After criticism, Harvard's Peabody Museum will revise its policies on repatriating Native American objects

The Association on American Indian Affairs issued an open letter accusing the institution of failing to fulfill its legal obligations

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Peabody Museum of Archaeology and Ethnology at Harvard University

Peabody Museum of Archaeology and Ethnology at Harvard University

The Peabody Museum of Archaeology and Ethnology at Harvard University says it will revise its repatriation policies in response to allegations that it has not fulfilled its legal obligations under the Native American Graves Protection and Repatriation Act (Nagpra). The statute requires federally funded institutions to inventory their holdings of Indigenous burial objects and human remains to ease the way for their repatriation.

The Association on American Indian Affairs (AAIA), a nonprofit organisation that advocates for the rights of American Indian communities, issued an open letter in February to Harvard’s president, Lawrence Bacow, accusing the institution of an “unconscionable” lag and convoluted review process regarding repatriation since Nagpra was enacted in 1990. 

The AAIA says that Harvard has received $577,412 in federal Nagpra grants since 1994 to perform inventories of ancestral remains and burial artefacts but has repatriated just around 18% of its Indigenous collection while requiring discursive research reports before repatriation can move forward. It also argues that the institution has not been transparent in its repatriation practices and has denied some repatriations without consulting with tribal leaders. 

Philip Deloria, the chair of the museum’s Nagpra committee, counters that the museum has actually repatriated 34% of its Indigenous collection and that it has “no interest in avoiding Nagpra implementation”.

The repatriation process is often “complicated, slow and painstaking”, involving extended discussions and verification of the materials’ origins, says Deloria. “There is also a distinction between requirement and recommendation, and [museum and Nagpra] administrative policies change over time.”

The Peabody’s Nagpra committee was established last year and is charged with working with tribal leaders to review and adjust museum policies and procedures and to assess its Indigenous holdings, which comprise more than 5,000 sets of human remains and individual burial objects.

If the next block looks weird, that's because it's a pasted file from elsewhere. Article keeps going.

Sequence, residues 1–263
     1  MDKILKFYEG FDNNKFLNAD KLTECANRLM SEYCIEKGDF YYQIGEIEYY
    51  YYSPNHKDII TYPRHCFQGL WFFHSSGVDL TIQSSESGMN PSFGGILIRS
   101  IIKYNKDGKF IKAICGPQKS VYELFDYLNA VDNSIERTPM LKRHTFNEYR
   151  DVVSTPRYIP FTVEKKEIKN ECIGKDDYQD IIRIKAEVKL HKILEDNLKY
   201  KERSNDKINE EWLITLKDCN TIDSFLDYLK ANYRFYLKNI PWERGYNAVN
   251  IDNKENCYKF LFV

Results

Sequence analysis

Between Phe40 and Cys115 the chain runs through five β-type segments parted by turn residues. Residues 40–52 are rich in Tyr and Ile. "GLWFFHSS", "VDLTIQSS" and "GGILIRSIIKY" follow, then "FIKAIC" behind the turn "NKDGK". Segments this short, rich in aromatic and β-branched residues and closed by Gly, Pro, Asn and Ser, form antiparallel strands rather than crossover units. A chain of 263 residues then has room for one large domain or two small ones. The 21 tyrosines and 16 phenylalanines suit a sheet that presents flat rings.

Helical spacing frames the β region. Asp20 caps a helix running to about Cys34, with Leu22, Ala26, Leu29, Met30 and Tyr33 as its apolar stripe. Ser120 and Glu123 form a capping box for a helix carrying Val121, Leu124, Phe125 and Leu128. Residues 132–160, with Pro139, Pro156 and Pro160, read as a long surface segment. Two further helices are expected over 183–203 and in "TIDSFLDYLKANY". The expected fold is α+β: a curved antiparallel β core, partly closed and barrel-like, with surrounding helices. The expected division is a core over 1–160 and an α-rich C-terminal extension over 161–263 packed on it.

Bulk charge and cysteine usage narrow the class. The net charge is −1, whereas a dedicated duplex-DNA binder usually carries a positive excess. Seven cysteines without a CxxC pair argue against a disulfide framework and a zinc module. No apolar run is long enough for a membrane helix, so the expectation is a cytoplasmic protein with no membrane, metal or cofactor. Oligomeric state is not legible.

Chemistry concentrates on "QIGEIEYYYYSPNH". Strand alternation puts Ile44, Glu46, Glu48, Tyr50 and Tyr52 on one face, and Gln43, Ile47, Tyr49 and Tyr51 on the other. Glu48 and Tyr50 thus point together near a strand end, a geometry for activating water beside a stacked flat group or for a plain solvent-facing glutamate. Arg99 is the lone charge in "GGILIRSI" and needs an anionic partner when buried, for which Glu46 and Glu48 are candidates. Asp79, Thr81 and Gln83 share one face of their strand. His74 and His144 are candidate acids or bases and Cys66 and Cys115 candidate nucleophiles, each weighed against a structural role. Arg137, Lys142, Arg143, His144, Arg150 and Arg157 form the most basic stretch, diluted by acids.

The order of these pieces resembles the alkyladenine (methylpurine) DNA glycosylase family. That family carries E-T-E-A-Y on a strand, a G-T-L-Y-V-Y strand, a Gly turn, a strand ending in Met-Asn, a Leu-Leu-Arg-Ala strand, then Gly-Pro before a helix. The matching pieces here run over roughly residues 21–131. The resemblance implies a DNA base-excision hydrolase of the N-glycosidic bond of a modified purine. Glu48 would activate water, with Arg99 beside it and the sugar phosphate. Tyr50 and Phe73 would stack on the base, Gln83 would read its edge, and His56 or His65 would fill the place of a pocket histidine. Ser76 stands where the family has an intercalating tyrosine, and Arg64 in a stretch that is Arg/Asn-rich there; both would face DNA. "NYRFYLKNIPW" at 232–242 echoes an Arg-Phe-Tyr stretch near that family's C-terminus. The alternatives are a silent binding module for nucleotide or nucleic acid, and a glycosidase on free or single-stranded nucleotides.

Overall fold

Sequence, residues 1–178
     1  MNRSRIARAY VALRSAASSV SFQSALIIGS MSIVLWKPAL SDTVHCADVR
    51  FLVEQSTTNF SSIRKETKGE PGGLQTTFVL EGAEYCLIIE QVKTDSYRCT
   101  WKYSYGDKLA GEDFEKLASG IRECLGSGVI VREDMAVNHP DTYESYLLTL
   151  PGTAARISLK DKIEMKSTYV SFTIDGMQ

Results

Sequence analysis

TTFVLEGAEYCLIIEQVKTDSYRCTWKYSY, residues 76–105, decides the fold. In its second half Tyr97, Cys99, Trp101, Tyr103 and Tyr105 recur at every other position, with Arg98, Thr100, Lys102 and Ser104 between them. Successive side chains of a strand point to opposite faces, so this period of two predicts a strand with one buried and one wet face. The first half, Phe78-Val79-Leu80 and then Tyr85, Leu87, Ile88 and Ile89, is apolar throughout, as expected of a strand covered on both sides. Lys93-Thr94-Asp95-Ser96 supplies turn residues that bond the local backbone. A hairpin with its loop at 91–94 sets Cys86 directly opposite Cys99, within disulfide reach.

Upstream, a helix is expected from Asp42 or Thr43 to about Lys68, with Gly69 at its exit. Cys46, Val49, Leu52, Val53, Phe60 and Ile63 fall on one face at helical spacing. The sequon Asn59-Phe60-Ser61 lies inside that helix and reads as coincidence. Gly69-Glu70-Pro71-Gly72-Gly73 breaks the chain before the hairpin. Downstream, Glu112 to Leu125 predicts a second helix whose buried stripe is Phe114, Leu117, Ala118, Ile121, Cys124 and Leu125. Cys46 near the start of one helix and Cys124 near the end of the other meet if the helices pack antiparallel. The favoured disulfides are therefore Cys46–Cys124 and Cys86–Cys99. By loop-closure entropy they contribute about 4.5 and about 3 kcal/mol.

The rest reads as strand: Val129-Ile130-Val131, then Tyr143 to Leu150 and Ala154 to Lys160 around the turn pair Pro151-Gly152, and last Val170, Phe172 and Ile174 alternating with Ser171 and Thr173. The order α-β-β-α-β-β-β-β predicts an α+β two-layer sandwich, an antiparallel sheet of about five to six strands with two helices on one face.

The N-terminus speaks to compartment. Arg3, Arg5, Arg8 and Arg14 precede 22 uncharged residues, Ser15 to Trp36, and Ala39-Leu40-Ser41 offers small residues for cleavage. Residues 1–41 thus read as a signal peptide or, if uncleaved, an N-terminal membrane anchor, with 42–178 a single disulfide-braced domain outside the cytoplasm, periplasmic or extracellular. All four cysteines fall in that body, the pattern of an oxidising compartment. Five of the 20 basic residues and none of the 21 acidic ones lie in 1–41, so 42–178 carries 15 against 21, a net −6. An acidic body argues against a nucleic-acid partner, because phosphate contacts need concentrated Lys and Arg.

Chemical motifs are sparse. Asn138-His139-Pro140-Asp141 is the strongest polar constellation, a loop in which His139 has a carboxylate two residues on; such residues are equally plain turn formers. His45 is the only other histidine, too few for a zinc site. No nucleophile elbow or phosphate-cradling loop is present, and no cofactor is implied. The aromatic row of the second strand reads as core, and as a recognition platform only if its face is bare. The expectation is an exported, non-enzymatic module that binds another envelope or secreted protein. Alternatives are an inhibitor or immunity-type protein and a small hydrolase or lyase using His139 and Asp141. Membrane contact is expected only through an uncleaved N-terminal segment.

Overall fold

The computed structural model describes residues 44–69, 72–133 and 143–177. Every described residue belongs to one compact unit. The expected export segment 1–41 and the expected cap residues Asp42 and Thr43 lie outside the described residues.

The repatriation issue is a logistical one, says Deloria. “Oftentimes claims that line up with one tribe can line up with a number of other tribes, so not doing due diligence would also violate Nagpra compliance,” he says. At the same time, the statute requires that the repatriation process be completed within 90 days of repatriation requests.

A letter sent by Deloria and the Peabody’s director Jane Pickering to the AAIA last week states that the institution will announce specific adjustments to its repatriation policies in the coming months and that the museum plans to launch a website that details its engagement with Nagpra. It also apologises for past collecting practices that have benefitted from “colonial and imperial policies”.

“We’re acknowledging that this is not simple, but this is not an excuse and does not mean we do not wish to repatriate,” Pickering says. “It’s a complicated moral and legal issue, and I’m sure the AAIA is aware of this.”

Shannon O’Loughlin, the chief executive of the AAIA, says that the Peabody’s efforts are “commendable” but still too nebulous three decades after Nagpra came into effect. Past denials for repatriation have “triggered more historical trauma and degraded tribes’ trust in the ethics and credibility of Harvard University and its museum”, she says.

O’Loughlin also contends that the creation of the Nagpra steering committee at Harvard last year “further delays repatriation and creates more labels of bureaucracy than your already burdened process”.

The AAIA has launched a petition to strengthen their calls for repatriation and call on the institution to be both more transparent about their practices in the future and to disclose their work with tribal leaders.

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